And unlike so many bands, who seem to exhaust themselves with their first album, or even their first single, Small Factory's songs are actually getting better. While there will always be a place in my heart for "Suggestions", "Scared of Love", "What To Want", "Happy To See", "If You Break My Heart", and all the others, and last year's wonderful "What About Love", "Junky On A Good Day", "I'm Not Giving Up", and the others off their first album _I Do Not Love You..._, the new songs have a deeper resonance in many ways. The childlike innocence has been replaced with a fuller expression of love and understanding. I think the fact that Alex is no longer romantically despondent has something to do with it, too! But if they're less innocent, they're still joyful and openhearted, never cynical.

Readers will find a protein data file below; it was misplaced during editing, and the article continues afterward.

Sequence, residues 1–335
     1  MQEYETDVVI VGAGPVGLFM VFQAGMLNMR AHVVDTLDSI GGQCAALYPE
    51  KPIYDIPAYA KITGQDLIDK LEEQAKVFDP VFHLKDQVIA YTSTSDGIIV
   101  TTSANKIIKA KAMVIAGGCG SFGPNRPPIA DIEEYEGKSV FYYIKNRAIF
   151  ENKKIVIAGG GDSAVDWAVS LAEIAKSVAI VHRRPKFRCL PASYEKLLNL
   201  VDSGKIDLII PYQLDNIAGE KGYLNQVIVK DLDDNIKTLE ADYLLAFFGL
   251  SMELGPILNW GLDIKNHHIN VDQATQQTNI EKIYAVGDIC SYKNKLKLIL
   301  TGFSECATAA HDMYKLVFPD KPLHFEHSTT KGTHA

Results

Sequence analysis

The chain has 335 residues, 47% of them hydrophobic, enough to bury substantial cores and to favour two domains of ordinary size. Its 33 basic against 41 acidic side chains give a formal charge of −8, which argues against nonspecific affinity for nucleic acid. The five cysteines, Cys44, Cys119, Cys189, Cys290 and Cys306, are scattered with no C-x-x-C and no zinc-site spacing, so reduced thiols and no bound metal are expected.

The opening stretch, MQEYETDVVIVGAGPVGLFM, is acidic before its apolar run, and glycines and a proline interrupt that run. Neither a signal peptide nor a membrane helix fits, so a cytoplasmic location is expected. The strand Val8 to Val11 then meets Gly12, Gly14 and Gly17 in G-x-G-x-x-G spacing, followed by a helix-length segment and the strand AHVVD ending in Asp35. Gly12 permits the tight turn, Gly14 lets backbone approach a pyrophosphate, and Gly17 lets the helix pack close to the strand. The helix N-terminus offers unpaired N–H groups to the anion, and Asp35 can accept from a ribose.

Their first tour outside of the East Coast (excepting the short English tour) was in June 1992, with Fudge and The Dambuilders, as rotating headliners. They covered the entire US in the kind of booking nightmare familiar to all struggling indie bands, driving as much as 900 miles in a day. By the time they got to Seattle, where I saw them, it showed. They were tired, and though they wouldn't admit it, a little discouraged by the poor turnout in some cities. The indie grapevine hadn't really got the word out yet, and Seattle in particular was too absorbed in its own pathetic "scene" to pay much notice. When Small Factory took the stage at the Crocodile Cafe that night, there were perhaps four paying customers watching, while the trendoid bar attached to the club was full. Still, it was a fun night, even if the only mention they received in any media was a gratuitous slam ("Things we could do with less of: Fudge, the Dambuilders, Small Factory") in the local fanzine _Feminist Baseball_.